Posted by: Cathy | March 12, 2018

Finding time vs Making space

To really fit creativity into your “real life,” it’s not about finding time but rather making space.

Time is elusive and expandable. When you’re doing something you don’t like, it can seem to last for hours. When you’re doing something you enjoy, it can seem like just a few minutes have passed. “Finding time” is unreliable.

Say you want to write a novel. That could take many hours over many months to complete. You could carve out 30 minutes per day to write, but that’s not enough. You also need to make space to write, mentally and emotionally as well as physically and temporally.

If you’re stressed about a challenge at work, you don’t have the mental space to write. If you had a fight with a friend, you don’t have the emotional space to write. If your desk is a mess and you need to clear it off before you can put down your laptop, you don’t have the physical space to write. If your schedule is overbooked, you don’t have the temporal space (aka “time”) to write. All of these kinds of space are important to your creative work.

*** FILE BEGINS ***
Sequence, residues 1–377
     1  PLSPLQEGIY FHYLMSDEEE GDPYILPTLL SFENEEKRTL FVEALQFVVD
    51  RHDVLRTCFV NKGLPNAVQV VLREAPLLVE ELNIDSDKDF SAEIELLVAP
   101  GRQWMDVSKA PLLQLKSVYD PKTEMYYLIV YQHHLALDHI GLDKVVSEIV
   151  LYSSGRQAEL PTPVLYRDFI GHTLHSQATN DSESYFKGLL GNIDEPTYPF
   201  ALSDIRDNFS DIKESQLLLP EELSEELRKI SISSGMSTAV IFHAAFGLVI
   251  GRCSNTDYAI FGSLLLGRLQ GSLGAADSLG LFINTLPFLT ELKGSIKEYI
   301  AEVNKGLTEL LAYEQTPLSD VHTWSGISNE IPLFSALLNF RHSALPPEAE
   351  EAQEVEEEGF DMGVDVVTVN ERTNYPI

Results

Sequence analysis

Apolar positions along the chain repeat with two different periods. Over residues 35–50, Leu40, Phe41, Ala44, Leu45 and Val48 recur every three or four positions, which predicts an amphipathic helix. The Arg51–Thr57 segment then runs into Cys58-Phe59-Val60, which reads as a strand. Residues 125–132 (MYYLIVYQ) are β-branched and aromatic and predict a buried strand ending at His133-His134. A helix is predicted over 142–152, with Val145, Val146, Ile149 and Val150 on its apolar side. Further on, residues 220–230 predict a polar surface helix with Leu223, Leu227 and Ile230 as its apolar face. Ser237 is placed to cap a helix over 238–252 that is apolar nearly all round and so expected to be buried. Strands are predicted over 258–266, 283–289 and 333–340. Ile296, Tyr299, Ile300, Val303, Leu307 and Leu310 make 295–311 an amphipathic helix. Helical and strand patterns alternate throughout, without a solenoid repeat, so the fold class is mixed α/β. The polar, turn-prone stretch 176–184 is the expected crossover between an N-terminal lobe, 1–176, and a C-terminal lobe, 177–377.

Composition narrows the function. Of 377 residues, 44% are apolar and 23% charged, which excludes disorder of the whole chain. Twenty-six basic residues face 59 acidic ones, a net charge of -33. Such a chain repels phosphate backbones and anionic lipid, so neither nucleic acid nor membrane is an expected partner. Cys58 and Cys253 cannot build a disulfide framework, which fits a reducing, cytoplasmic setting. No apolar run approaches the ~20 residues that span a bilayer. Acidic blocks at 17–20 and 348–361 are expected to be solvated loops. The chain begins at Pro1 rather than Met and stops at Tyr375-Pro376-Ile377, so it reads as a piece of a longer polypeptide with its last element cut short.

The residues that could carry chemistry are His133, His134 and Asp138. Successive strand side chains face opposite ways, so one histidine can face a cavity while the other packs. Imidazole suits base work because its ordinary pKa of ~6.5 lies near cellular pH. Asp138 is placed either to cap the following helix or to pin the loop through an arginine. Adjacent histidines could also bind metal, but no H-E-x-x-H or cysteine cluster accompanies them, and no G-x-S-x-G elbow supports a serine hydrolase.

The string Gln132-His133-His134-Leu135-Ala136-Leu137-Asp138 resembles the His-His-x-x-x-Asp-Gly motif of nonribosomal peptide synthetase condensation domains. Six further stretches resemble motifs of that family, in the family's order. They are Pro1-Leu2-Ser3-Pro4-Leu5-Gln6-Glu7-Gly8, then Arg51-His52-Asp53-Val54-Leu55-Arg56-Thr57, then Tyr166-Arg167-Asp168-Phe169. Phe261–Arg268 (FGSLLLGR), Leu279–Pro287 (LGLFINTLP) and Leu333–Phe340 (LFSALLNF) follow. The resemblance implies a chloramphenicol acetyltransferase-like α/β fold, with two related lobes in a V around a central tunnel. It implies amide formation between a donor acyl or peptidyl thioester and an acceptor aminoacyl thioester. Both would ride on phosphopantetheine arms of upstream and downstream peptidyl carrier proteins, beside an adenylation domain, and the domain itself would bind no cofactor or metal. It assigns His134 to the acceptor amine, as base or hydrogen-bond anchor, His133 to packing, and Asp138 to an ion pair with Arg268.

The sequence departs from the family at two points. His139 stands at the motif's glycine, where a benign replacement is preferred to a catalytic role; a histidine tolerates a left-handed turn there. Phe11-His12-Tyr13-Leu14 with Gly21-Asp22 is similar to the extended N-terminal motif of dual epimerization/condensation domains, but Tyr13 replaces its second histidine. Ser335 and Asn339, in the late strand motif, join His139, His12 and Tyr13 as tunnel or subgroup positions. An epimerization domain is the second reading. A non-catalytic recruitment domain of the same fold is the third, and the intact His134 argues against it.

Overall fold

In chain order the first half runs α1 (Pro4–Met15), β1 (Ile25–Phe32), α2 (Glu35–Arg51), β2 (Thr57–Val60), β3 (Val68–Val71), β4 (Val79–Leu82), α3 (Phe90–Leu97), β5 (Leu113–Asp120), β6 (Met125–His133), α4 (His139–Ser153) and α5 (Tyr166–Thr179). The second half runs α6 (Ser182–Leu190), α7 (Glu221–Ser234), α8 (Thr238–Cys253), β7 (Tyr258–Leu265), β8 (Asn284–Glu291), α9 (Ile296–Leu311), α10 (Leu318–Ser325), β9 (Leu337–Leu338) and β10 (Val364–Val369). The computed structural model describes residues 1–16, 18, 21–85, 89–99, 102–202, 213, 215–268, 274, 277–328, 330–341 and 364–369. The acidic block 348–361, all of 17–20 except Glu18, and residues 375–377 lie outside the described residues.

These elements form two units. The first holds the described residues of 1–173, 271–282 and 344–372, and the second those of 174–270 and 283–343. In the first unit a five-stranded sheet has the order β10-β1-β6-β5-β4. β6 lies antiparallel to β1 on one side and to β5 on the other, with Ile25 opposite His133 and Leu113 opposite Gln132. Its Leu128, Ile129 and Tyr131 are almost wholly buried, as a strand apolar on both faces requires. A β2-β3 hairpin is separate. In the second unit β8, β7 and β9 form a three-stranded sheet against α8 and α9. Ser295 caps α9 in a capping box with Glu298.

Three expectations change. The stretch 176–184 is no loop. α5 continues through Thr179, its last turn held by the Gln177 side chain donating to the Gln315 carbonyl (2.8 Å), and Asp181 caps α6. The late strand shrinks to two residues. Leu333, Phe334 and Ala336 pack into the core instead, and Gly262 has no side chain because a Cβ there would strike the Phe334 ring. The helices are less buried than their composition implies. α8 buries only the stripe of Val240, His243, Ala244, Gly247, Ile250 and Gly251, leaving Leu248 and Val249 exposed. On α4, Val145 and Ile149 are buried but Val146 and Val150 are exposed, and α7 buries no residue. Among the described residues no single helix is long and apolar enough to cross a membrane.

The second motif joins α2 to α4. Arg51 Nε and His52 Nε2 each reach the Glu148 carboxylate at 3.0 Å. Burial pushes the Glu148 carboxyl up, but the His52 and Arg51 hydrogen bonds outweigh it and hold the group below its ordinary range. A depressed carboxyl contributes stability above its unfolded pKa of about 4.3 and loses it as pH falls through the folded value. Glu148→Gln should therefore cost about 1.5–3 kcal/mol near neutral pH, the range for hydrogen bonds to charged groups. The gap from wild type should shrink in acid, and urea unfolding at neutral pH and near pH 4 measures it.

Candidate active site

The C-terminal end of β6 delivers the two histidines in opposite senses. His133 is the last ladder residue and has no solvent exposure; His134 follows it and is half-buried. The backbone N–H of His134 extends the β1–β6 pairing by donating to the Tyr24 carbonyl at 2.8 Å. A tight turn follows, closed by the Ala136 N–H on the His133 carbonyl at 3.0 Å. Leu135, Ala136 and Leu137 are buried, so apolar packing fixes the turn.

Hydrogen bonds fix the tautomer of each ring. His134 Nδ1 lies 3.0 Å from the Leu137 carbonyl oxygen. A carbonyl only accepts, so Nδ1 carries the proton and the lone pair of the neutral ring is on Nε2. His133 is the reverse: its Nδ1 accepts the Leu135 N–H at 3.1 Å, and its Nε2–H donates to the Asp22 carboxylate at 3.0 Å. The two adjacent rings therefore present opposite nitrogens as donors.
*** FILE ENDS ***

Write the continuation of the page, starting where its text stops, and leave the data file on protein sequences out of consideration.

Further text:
So, how do we make space?

“The secret to your success is found in your daily routine.” John C. Maxwell

Mental and emotional space can be made by journaling and meditation. Have a regular practice to release stressors, process strong emotions, examine unhelpful habits and patterns, brainstorm solutions, and focus on gratitude.

Physical space can be made with regular chores and clutter clearing. It’s tough to get started, but easier to maintain if you work on it weekly.

Temporal space can also be made with clutter clearing. Notice how you prioritize your time; schedule in the important things (like your creativity!) and let the less important things contract to the remaining time available. Try doing important things in the first half of the day, when you still have some semblance of control before life happens.

Notice where you can make different kinds of space in your life. These types of space are important for our health and sanity. “White space” is an important concept in marketing; too much visual information is overwhelming and diffuses the key messages. Make space for yourself and your creativity.

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